Market sentiment improved modestly as US economic data turned out to be better than expected. ISM non-manufacturing index improved to 54.3 in July, compared with consensus of a drop to 53.3, from 53.8 a month ago. The employment component climbed to 50.9, the highest since December 2007 while the new orders component rose to 56.7 from 54.4 in June. At the same time, ADP employment increased +42K in July after a +13K addition in June.

The market had anticipated a milder gain of +36K. These readings boosted market optimism on the employment report which will be released tomorrow. Current market forecast is that the US lost -75K in non-farm payrolls with the jobless rate rising to 9.6% (from 9.5%) in July.

Wall Street was a tad higher with the DJIA and S&P 500 Indices rising +0.4% and +0.6% respectively. Commodities strengthened but gains were pared as the dollar soared against the euro and Japanese yen. WTI crude oil surged to as high as 82.97 in NY session after the encouraging US data and bigger-than-expected decline in crude oil inventory. Price then retreated and ended flat at 82.47 as Cushing stock and fuel inventories rose, and as firmness in USD reduced commodity demand.

Gold rallied to a 3-week high at 1205.5 at one point but gains were pared as investors took profits after a 6-day rise. The benchmark contract ended eventually settled at 1195.9, up +0.71%. Base metals were firm with LME copper for 3-month delivery hitting at 3-month high at 7527 before closing at 7505 yesterday.

The market largely ignored Bloomberg's news citing unidentified person that the China Banking Regulatory Commission asked banks to conduct a new round of stress tests last month. The tests aim to gauge the impact of a 50-60% decline in residential property prices on the economy. Stress tests carried out in the past year assumed home-price declines of as much as 30%.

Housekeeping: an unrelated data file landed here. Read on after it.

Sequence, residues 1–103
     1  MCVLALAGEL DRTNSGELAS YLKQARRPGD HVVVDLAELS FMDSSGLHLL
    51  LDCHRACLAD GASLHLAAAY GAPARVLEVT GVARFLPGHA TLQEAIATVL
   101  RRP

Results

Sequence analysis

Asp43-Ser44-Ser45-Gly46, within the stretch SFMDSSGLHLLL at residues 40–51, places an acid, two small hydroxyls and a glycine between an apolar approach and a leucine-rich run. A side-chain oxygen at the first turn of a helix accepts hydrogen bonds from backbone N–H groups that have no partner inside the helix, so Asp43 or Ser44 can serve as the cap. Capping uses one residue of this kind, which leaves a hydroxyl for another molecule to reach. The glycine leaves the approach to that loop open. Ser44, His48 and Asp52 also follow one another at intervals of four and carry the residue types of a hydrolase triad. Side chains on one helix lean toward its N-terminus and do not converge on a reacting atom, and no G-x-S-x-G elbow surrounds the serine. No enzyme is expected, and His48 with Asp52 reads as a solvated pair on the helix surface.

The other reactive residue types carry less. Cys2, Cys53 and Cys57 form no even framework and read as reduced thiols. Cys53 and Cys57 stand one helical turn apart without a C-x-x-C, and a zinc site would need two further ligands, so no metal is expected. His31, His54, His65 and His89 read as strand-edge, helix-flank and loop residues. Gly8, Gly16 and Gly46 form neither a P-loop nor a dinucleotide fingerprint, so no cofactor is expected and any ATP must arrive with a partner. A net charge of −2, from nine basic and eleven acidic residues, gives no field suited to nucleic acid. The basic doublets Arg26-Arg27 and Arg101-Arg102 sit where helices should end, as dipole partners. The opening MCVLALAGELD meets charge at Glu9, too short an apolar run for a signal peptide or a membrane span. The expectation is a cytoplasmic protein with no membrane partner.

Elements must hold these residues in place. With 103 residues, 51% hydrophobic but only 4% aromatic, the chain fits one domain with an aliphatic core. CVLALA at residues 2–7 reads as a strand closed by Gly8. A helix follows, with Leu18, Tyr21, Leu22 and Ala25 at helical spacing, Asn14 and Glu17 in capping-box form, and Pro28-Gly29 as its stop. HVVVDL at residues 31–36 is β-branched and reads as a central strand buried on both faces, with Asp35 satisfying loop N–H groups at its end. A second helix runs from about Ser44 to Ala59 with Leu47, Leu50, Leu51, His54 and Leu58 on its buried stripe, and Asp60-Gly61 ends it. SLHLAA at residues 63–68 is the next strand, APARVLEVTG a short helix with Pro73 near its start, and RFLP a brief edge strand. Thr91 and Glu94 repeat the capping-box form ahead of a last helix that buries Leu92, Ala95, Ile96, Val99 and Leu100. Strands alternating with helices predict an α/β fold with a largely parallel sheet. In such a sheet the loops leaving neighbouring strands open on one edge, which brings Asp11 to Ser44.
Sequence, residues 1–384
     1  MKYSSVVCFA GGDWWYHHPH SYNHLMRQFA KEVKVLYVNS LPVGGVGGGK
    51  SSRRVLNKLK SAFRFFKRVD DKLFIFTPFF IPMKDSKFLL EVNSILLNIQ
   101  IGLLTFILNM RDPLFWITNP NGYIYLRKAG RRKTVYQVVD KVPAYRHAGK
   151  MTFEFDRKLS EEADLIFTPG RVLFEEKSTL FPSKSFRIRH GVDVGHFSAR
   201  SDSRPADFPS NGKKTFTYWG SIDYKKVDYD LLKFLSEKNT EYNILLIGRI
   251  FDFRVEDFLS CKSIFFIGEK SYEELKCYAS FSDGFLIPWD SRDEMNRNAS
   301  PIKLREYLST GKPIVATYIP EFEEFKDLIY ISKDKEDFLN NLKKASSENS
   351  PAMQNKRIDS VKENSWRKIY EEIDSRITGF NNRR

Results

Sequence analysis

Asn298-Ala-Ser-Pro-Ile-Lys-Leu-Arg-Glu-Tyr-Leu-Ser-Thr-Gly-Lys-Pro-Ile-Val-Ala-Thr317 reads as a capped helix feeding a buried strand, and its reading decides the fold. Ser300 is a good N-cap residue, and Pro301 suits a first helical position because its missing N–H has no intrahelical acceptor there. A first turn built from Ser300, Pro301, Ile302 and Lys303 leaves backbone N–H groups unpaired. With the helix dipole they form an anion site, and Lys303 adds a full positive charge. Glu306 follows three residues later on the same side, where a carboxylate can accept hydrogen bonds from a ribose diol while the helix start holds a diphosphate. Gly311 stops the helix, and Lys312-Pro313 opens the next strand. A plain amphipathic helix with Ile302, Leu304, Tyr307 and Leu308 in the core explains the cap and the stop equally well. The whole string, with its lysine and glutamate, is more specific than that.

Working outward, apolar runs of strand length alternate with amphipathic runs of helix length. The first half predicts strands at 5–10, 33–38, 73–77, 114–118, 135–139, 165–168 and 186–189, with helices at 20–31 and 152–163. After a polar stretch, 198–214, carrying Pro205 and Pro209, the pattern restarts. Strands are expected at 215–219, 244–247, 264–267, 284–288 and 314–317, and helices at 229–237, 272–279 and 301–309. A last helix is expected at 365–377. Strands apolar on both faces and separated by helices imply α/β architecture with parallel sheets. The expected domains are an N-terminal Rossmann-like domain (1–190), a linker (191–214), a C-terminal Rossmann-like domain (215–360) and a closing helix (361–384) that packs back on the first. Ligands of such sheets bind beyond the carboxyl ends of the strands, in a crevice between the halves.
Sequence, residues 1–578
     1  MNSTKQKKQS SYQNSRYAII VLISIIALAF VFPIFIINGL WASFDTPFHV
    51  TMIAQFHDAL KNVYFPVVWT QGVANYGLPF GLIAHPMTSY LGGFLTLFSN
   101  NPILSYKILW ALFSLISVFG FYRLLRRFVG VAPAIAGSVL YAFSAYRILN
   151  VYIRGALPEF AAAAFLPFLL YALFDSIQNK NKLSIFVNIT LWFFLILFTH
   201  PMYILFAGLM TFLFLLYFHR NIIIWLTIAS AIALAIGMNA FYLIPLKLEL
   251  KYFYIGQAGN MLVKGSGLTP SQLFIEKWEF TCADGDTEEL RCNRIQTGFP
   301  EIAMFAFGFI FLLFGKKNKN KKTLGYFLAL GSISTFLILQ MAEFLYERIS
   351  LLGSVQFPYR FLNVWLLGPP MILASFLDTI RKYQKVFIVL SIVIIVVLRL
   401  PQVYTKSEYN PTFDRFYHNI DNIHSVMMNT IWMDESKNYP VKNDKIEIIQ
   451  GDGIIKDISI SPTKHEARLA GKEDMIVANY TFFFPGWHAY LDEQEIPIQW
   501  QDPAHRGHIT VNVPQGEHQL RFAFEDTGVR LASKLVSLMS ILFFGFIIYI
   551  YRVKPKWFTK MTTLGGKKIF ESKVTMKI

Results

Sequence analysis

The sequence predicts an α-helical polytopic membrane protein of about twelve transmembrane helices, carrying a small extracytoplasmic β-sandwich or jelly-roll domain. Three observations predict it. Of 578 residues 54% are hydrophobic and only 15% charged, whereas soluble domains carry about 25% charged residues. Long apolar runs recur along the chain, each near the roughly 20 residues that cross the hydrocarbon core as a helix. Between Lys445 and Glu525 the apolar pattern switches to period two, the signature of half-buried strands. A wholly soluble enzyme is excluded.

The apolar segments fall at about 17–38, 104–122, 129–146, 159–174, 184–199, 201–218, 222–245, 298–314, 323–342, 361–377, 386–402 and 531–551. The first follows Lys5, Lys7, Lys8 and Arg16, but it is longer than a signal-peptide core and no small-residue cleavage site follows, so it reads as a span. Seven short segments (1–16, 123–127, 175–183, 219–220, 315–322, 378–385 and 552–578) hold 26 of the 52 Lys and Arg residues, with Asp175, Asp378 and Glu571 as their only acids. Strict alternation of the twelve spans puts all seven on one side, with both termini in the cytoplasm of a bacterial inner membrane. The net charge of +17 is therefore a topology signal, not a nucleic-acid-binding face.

Interpretations of the rumor vary but economists in general do not expect property prices to fall by -60%. Some said the government may want to use the tests to demonstrate soundness of the banking system even with a sharp price fall. While it's uncertain if the new tests imply further tightening measures from the government, the impacts on the metal market should be negative if that's the case.

The impacts on gold are unclear. While worries over economic slowdown and uncertainty should drive demand for safe-haven investments, a broad-based decline in commodity prices and fear of deflation may threaten the yellow metal.

The ECB and the BOE will meet to discuss about monetary policy. While it's widely expected that both central banks will leave their policy rates unchanged (ECB: 1%, BOE: 0.5%), the focus is on the economic and monetary outlooks.

Recent economic data have shown that Eurozone's economic recovery has gathered momentum and the positive stress test results have eased concerns over the region's banking system, the market has began to speculate ECB will resume scale-back to the unlimited liquidity pumped to the market. While we expect questions of this kind at the press conference, the ECB statement should reiterate current levels of interest rates are 'appropriate' and 'the 'risks to the economic outlook are broadly balanced, in an environment of high uncertainty'.

The BOE will very likely keep the policy rate at 0.5% and maintain the asset purchase program at 200B pound. We will not feel surprised to see more members dissent the stance, arguing for an earlier rate hike after a strong 2Q10 GDP growth and still-elevated inflation. Andrew Sentence, a voting member has favored an increase of the policy rate by +25 bps since the June meeting as 'economic conditions had improved over the past twelve months and the inflation outlook had shifted sufficiently to justify beginning to raise interest rates gradually'.